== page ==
Model DH De La Vergne Gas Engine

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This diagram shows a cross section through the governor head and fuel pump. The by-pass valve beside the governor thrust collar controls both the beginning and the end of injection by allowing pumped oil to return to the tank. It gives the good sharp action necessary to avoid dribble from the nozzle, and meters the injected charge according to the length of time the governor allows it to be closed. This governor is driven through a spring, its heavy head acting as a flywheel to keep it from responding to short-term speed variations as the engine compresses and fires.

Courtesy of John Wilcox

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The Model DH De La Vergne gas engine brought out about 1915 by the De La Vergne Machine Co., New York City, was one of the last steps in the evolution of the solid injection Diesel. It compresses to about half the pressure of a full Diesel, and fires with the aid of an uncooled plate in the bottom of the head. It starts cold with the aid of a smouldering fuse made from impregnated cloth rolled up to form a bar about the size and shape of a cigarette. This fuse is lighted and introduced to the combustion chamber in a special T-handled plug, and the engine is then quickly rolled over with compressed air. The fuse burns long enough to provide ignition until the engine is warmed up, and eventually is completely consumed. If, through some accident, the cylinder pressure becomes excessive, the dead-weighted relief valve under the head opens and allows pressure to blow off.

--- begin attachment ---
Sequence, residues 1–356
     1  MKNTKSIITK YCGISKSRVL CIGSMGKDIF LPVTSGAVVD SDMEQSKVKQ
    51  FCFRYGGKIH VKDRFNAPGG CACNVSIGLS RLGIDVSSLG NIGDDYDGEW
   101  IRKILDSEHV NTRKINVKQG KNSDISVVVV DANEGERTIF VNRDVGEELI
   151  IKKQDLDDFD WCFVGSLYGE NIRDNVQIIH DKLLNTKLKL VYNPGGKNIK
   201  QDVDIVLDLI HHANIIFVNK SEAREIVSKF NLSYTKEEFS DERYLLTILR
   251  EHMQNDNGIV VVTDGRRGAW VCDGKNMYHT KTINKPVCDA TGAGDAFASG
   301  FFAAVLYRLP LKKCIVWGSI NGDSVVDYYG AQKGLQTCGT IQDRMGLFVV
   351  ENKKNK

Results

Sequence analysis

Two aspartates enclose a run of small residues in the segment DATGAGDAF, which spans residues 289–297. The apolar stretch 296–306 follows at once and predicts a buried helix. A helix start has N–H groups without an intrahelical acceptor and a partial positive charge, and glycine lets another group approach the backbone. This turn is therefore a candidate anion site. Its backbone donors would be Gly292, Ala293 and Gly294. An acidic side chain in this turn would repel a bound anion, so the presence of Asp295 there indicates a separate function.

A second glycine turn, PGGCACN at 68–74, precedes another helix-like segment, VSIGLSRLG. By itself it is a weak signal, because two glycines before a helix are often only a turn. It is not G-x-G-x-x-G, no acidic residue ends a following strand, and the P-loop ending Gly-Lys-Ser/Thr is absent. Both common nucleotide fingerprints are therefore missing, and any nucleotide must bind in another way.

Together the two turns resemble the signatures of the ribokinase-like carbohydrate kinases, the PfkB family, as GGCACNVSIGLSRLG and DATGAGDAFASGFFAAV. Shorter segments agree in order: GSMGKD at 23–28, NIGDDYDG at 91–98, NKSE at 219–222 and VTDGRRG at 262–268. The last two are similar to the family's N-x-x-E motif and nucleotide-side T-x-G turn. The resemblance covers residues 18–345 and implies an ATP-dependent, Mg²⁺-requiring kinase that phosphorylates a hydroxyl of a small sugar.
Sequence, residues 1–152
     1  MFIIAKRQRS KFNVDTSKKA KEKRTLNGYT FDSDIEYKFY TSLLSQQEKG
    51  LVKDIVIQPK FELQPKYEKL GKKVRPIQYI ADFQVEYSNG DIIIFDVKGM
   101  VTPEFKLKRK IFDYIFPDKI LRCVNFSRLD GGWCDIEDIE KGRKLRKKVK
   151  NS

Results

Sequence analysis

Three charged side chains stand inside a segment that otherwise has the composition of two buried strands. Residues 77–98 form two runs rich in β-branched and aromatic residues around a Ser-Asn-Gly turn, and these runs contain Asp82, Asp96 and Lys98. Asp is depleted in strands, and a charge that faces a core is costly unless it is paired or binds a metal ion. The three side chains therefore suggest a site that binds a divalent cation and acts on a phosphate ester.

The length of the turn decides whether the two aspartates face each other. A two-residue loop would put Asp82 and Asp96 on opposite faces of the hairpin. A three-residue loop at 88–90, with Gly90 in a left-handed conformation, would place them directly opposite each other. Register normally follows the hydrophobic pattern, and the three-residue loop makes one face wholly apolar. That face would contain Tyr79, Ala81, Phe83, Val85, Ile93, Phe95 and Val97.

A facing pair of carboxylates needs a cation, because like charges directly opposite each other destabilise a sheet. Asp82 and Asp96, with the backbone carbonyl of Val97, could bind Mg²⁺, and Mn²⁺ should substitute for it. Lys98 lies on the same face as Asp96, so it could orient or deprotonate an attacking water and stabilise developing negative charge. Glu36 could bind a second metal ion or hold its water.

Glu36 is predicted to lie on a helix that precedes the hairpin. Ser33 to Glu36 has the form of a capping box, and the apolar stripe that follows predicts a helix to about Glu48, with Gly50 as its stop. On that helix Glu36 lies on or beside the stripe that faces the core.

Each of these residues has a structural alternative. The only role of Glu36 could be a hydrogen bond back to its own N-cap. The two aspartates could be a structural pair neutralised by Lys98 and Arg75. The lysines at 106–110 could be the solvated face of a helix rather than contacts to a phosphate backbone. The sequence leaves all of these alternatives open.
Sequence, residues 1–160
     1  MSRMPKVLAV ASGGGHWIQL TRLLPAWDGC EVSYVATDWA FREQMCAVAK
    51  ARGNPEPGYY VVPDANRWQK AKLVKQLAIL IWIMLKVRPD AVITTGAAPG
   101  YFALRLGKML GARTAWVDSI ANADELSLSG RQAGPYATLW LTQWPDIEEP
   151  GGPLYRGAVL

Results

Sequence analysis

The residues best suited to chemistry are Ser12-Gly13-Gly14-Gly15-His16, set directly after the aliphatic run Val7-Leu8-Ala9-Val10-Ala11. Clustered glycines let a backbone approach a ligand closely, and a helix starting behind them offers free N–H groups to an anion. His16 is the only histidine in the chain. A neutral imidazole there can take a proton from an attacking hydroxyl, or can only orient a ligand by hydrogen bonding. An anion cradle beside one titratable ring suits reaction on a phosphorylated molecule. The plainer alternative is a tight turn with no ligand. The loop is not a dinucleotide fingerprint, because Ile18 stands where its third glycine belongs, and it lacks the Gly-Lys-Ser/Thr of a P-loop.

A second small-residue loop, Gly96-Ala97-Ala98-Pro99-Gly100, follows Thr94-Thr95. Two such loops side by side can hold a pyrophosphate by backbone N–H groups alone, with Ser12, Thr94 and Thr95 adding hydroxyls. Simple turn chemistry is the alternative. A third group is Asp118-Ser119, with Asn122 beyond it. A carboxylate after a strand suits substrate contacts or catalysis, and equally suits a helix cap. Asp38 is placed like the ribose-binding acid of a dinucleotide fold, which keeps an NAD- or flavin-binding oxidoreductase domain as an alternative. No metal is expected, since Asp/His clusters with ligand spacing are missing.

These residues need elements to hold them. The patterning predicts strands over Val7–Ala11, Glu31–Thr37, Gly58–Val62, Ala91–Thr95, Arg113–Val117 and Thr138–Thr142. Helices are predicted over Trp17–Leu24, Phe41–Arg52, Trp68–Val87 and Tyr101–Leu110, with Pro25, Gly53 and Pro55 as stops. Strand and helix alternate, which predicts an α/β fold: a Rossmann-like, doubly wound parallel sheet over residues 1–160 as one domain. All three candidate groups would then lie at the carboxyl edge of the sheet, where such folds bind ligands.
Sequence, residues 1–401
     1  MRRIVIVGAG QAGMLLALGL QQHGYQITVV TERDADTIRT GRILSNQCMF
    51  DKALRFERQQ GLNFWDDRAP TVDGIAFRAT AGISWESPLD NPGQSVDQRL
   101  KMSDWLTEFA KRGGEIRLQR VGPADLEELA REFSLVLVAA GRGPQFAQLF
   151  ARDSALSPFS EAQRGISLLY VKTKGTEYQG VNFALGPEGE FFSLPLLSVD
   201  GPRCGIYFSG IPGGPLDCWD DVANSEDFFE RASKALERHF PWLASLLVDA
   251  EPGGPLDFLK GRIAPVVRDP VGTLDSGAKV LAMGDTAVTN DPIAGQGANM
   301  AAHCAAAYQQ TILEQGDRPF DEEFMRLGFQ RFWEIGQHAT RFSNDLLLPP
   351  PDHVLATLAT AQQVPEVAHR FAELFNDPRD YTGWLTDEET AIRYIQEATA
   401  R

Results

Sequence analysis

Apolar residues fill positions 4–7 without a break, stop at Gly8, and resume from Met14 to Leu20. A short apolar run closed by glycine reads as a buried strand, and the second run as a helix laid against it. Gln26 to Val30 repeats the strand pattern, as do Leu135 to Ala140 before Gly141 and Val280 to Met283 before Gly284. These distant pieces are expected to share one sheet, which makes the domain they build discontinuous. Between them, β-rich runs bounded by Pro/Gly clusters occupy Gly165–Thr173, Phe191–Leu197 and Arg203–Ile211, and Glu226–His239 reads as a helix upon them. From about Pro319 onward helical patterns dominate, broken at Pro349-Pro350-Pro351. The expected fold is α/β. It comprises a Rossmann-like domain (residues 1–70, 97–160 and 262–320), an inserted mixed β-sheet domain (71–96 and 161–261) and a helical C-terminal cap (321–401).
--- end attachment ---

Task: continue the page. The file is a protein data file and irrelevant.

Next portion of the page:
Figure 2 shows a cross section through the governor head and fuel pump. The by-pass valve beside the governor thrust collar controls both the beginning and the end of injection by allowing pumped oil to return to the tank. It gives the good sharp action necessary to avoid dribble from the nozzle, and meters the injected charge according to the length of time the governor allows it to be closed. This governor is driven through a spring, its heavy head acting as a flywheel to keep it from responding to short-term speed variations as the engine compresses and fires.

 

The DH was also one of the first large engines to lubricate the wrist pin from the crankshaft through a drilled con rod. The passage in the rod holds about a quart of oil, and a necessary part of the starting procedure is to remove a plug from the top of the rod and fill it up!

 

Bore and stroke are 14-inch by 24-inch, flywheels are 76 inches diameter with an 8-inch face, and total weight is 20,600 lb. A similar De La Vergne is in the collection of A.D. Mast, 1316 Clayton Rd., Lancaster, Pa. and may be seen on the Rough and Tumble show grounds at Kinzers, Pa.. A. D. was the previous owner of the little Domestic gas engine, and did a fine job of cleaning it up and putting it in running order for me.